Hedonic Pricing

Many goods and services consist of bundles of atomistic goods and services. For example, automobiles differ by the basic characteristics of safety, comfort, and fuel economy. Computers differ by memory capacity, display resolution, and speed. Housing differs by accessibility, privacy, cleanliness of the environment, quantity of housing services, and safety.

In many cases one observes prices only for the overall good or service (bundled good or service). Hedonic pricing attempts to take observations on the overall good or service and obtain implicit prices for the atomistic goods and services. It performs this statistically by regressing the overall price onto the atomistic characteristics.

Griliches (1967, 1971) and Rosen (1974) provided the basic hedonic pricing framework.

Economists frequently estimate hedonic pricing models using data from the housing or labor markets.

Both labor and housing markets have a strong spatial component. Wages vary by part of the city and by region of the country while housing prices depend strongly upon location.

The dependence upon space offers the opportunity to use spatial statistical techniques (spatial autoregressions or kriging) to take advantage of the pervasive spatial autocorrelation among residuals from hedonic pricing models. The use of space helps control for omitted variables correlated with space. Such variables could include crime, air pollution, and other externalities. Insofar as correlations often exist among the omitted and included variables, controlling for space can potentially improve hedonic pricing model parameter estimation and hence estimation of the price of implicit characteristics.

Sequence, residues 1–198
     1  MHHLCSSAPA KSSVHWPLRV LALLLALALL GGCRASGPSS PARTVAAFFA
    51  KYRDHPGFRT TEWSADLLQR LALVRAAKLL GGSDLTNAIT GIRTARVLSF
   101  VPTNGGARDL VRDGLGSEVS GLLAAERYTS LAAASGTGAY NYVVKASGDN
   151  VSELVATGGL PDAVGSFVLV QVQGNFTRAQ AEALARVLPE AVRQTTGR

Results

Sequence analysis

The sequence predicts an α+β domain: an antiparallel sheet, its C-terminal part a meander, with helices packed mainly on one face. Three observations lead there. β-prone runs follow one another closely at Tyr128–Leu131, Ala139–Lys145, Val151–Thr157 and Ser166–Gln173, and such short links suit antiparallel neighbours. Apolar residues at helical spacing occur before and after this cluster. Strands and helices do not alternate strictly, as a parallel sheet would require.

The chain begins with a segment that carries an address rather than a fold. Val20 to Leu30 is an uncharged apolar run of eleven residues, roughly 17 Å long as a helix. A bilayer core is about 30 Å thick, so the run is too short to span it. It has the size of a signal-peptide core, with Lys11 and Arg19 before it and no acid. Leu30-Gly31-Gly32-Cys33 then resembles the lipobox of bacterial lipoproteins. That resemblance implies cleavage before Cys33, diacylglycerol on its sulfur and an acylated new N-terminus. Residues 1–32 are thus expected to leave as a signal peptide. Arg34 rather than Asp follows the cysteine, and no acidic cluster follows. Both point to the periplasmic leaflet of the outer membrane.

See www.spatial-statistics.com and www.finance.lsu.edu/re (follow spatial statistics links) for more information about the use of spatial statistics and applications to hedonic pricing. See http://www.spatial-econometrics.com (James LeSage's Econometric Toolbox) for additional spatial functions useful for hedonic pricing. These sites include free software, data, and manuscripts pertaining to spatial statistics.


Griliches, Zvi. “Hedonic Price Indexes of Automobiles: An Econometric Analysis of Quality Change,” in Zvi Griliches (ed.), Price Indexes and Quality Change, Cambridge: Cambridge University Press, 1971.

Griliches, Zvi. “Hedonic Price Indexes Revisited: Some Notes on the State of the Art, Proceedings of the Business and Economic Statistics Section, American Statistical Association, 1967, pp. 324-332.

Rosen, Sherwin. “Hedonic Prices and Implicit Markets: Product Differentiation in Pure Competition,” Journal of Political Economy, Vol. 82, Jan./Feb. 1974, pp. 34-55.